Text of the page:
tah's talking a little smack these days, nerd-style.
"In technology we have an acronym - SMAC - Social, Mobile, Analytics and Cloud," says Niel Nickolaisen, technology chief for O.C. Tanner, a fast-growing Salt Lake City-based technology firm. "Utah is really strong in all four."
To the surprise of people not in the tech-know world, the state is ranked first in tech employment growth in the western region. It's a workforce whose savvy is second to none says Lonnie Mayne, president of InMoment, a global cloud-based customer experience optimization company based in Salt Lake City. InMoment started with 14 people and is now home to nearly 300 hard-working, hard-thinking Utechies. Mayne calls Utah's workforce "the differentiator."
"Our future success is tied, inextricably, to the success of our labor force and to educational excellence. We're right on target."- Governor Gary R. Herbert
"One of the beauties of being in this state is that you have an innovative culture, an enviable work ethic and a culture of friendliness and customer service like I've never seen," he says. "When we started the company, our technology was really good, but where it was still developing we bridged the gap with our people. We won very big deals like McDonald's early on by having good tech and great people."
The "great people" part is Utah's secret sauce.
Supersize the smarts, please
Corporate executives and site selectors rate a skilled workforce as the most important criterion in most surveys when planning a high tech expansion project. This is an area where Utah excels, the secret that has so many Silicon Valley firms lined up at the Utah counter.
The state has literacy and graduation rates well above the national average, rates that translate into a highly educated workforce pouring out of outstanding tech programs at flagship universities like the University of Utah, Utah State University and Brigham Young University. Savvy firms in incubators and accelerators statewide are ordering extra helpings of this talent to create everything from video games to medical devices.
"You have that whole network of younger, diverse, hungry workers that come in and respectfully challenge the way you do things," says Mayne. "That's good, and it permeates the culture within our four walls."
It's not uncommon for Mayne to invite a new employee, fresh from a university, to a leadership meeting to listen in. And to invite the new kid's feedback, the new kid's new ideas. Seriously. "In nearly every case there's some fresh perspective offered," he says. "That one element, more than anything in our company, has kept us ahead of the game. Every hire makes us better."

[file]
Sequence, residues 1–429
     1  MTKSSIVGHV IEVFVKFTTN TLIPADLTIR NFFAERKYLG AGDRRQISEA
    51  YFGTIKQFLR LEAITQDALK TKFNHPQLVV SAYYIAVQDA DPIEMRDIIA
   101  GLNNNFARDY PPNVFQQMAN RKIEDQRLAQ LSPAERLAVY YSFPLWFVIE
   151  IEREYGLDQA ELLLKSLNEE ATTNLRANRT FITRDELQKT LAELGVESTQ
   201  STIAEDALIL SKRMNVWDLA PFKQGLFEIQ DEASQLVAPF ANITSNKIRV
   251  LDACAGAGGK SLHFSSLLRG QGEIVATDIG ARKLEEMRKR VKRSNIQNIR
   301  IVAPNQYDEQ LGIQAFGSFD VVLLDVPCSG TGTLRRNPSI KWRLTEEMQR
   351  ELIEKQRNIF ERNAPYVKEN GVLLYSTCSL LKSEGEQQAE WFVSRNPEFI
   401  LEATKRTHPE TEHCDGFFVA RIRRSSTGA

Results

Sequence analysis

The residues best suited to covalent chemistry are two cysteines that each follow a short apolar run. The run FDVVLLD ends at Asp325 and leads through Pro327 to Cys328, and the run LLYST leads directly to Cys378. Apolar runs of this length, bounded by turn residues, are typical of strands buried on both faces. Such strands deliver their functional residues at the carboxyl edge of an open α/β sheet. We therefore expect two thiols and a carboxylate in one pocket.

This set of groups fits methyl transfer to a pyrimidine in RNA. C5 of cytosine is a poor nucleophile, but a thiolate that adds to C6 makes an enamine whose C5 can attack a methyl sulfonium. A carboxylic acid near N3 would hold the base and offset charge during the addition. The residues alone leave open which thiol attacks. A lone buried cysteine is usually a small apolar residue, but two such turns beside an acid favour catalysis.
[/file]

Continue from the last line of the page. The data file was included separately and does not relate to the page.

The median age in Utah is 29.9, which plays well for the innovative tech sector where generational tech comfort helps businesses stay ahead of the curve.
Growing from a STEM cell
Recognizing the need to keep the talent pipeline gushing, Gov. Gary R. Herbert made science, technology, engineering and mathematics (STEM) education a top priority for his administration. In 2013, the state legislature approved $10 million to create the Utah STEM Action Center to coordinate STEM education and activities statewide. This year, the legislature further primed the workforce development pump with an additional $20 million for the STEM Action Center.
"You have that whole network of younger, diverse, hungry workers that come in and respectfully challenge the way you do things. That's good, and it permeates the culture within our four walls."- Lonnie Mayne, president, InMoment
And it's working. On August 1, the governor was on hand at the opening of Pluralsight's new headquarters in Farmington to announce an exciting public-private STEM initiative with far-reaching consequences.
A global leader in online training for technology and creative professionals, Pluralsight is offering its extensive library of IT, software development, open source and creative skills courses to Utah's K-12 educators for free for the next 12 months. The donation, valued at $5 million, will allow teachers to become conversant in the knowledge and training that industry wants and their students need for jobs in the tech field. (And there will be plenty of them. An estimated 1 million computing jobs will be vacant by 2020, nationally.)